Child Abuse Pediatrics Fellowship
Fellowship Training in Child Abuse Pediatrics:
The Department of Pediatrics of The Ohio State University College of Medicine has long established its reputation in providing excellent training in general pediatrics, as well as many pediatric and pediatric surgical subspecialties. The Child Abuse Pediatrics Fellowship program was established in 2004 and is one of over 30 fellowship programs offered at Nationwide Children's. As the newest subspecialty approved by the American Board of Pediatrics, efforts to comply with the Accreditation Council for Graduate Medical Education (ACGME) requirements have been designed to provide a learning experience that is consistent with this accreditation organization. In 2010, the Child Abuse Pediatrics Fellowship at Nationwide Children's was among one of the first Child Abuse Pediatrics Fellowship programs to receive accreditation in the United States.
The goal of the Child Abuse Pediatrics Fellowship program is to train pediatricians to become medical experts who are knowledgeable and competent in all areas of child maltreatment, including physical abuse, sexual abuse, neglect (supervisory, medical and nutritional), psychological maltreatment and medical child abuse. It also focuses on the continuum of family violence and provides a learning environment to support exposure to other types of family violence besides child maltreatment. These goals are fundamentally based upon the six ACGME core competencies. The rotation-specific and fellowship level-specific goals and objectives of this program are consistent with the ACGME core competencies.
Opportunities are available for the Child Abuse Pediatrics Fellow to acquire clinical skills and expertise in the following areas:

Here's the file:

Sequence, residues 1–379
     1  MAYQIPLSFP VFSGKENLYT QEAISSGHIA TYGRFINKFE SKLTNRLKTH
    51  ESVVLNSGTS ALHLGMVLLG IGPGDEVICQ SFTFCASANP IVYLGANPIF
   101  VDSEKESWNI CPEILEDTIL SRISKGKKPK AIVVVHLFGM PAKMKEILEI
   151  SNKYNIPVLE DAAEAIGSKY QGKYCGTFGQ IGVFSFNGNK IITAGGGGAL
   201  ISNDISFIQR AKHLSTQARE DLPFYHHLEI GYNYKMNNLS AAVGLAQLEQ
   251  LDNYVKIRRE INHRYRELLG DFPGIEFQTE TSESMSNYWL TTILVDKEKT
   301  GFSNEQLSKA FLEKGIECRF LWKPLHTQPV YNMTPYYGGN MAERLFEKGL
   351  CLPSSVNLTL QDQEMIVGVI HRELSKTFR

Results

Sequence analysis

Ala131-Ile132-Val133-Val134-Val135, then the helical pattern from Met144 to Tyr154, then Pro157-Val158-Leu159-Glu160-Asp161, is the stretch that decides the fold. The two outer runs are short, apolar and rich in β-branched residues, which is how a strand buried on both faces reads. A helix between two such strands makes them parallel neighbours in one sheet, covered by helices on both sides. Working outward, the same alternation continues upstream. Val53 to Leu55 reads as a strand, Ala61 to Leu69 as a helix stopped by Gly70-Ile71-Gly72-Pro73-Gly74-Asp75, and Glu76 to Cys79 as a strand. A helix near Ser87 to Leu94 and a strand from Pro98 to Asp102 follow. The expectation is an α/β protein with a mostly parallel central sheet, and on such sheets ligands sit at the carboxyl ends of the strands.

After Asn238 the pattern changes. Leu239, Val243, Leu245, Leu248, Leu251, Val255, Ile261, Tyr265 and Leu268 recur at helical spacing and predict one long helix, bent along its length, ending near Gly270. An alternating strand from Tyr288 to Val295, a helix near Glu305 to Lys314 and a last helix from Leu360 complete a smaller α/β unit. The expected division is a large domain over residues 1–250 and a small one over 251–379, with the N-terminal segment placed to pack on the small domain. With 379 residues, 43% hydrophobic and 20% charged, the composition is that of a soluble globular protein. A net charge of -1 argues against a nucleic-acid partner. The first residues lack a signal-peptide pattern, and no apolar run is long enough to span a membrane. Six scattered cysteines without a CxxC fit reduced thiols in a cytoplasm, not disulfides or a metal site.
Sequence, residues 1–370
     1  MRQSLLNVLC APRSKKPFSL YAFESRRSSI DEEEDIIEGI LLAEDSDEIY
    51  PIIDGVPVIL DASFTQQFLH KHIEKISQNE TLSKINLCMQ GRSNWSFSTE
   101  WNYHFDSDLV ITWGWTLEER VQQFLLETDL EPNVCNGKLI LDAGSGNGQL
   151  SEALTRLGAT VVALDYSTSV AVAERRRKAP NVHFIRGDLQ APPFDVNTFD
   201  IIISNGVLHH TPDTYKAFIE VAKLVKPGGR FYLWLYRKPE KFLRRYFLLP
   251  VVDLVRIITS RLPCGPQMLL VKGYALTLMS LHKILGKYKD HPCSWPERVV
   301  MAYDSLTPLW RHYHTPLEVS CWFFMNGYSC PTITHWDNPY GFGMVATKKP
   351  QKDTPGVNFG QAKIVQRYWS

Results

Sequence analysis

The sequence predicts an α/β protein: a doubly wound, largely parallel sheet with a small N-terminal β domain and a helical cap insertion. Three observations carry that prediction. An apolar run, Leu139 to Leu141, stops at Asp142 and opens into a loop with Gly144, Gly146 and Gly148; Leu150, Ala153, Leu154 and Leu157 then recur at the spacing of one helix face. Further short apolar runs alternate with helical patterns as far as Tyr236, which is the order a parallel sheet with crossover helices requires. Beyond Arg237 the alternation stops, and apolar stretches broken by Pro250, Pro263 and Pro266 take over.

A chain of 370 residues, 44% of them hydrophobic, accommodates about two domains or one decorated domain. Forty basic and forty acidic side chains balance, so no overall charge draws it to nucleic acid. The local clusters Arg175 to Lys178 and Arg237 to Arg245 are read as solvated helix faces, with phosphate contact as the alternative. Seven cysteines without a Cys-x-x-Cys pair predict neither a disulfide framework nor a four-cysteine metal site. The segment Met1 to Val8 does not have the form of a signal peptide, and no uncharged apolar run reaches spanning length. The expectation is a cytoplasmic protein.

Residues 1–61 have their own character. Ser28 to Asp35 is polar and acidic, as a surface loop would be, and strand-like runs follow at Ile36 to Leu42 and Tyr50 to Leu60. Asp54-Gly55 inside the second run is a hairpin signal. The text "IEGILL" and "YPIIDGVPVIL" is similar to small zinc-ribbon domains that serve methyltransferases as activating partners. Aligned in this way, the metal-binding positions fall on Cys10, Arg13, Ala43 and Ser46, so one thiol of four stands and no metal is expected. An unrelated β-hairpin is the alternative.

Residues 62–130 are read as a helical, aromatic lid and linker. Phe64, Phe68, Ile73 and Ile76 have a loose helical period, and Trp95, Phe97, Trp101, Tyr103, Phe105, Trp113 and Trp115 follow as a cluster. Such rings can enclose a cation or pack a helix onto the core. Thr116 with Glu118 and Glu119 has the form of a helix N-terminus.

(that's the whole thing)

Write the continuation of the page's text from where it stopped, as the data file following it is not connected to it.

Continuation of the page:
- Child Assessment Center (a child advocacy center for the evaluation of sexual and physical abuse)
- Fostering Connections Program (offers comprehensive healthcare to children and adolescents placed in out-of-home care)
- Inpatient consultation service
- Forensic pathology
- Pediatric emergency medicine
- Post-injury clinic
- Genetic/metabolic clinic
- Physical medicine and rehabilitation
- Home visitation
- Trauma-focused treatment program
- Other elective options
Fellows learn the approach to court testimony through mock trial experiences, observation of faculty and direct experience, throughout the training. Interactive monthly journal club and weekly conferences offer consistent didactic learning. A scholarship oversight committee is established for each fellow and helps ensure success in his/her area of scholarly research.
For additional information regarding the Child Abuse Pediatrics Fellowship and Fellowship Training at Nationwide Children's Hospital, please visit: http://www.nationwidechildrens.org/child-abuse-fellowship.
- USMLE scores
- Three (3) letters of recommendation
- Personal statement
Once your completed application has been received and reviewed, you will be notified if you will be offered an opportunity to interview for a Child Abuse Pediatrics fellowship position. Nationwide Children’s Hospital participates in the NRMP fall match process. Interviews will be conducted in the late summer/early fall for the fall match cycle.
Requirements for application:
- Board-eligible or board-certified in general pediatrics through the American Board of Pediatrics. Information relative to board eligibility is available at the American Board of Pediatrics website (www.abp.org)
- Non-resident applicants must hold an unrestricted J-1 Visa
If you have questions, please contact the program director:
Megan M. Letson, MD, MEd
Program Director, Child Abuse Pediatrics Fellowship
Nationwide Children's Hospital
The Center for Family Safety and Healing
655 E. Livingston Ave.
Columbus, Ohio 43205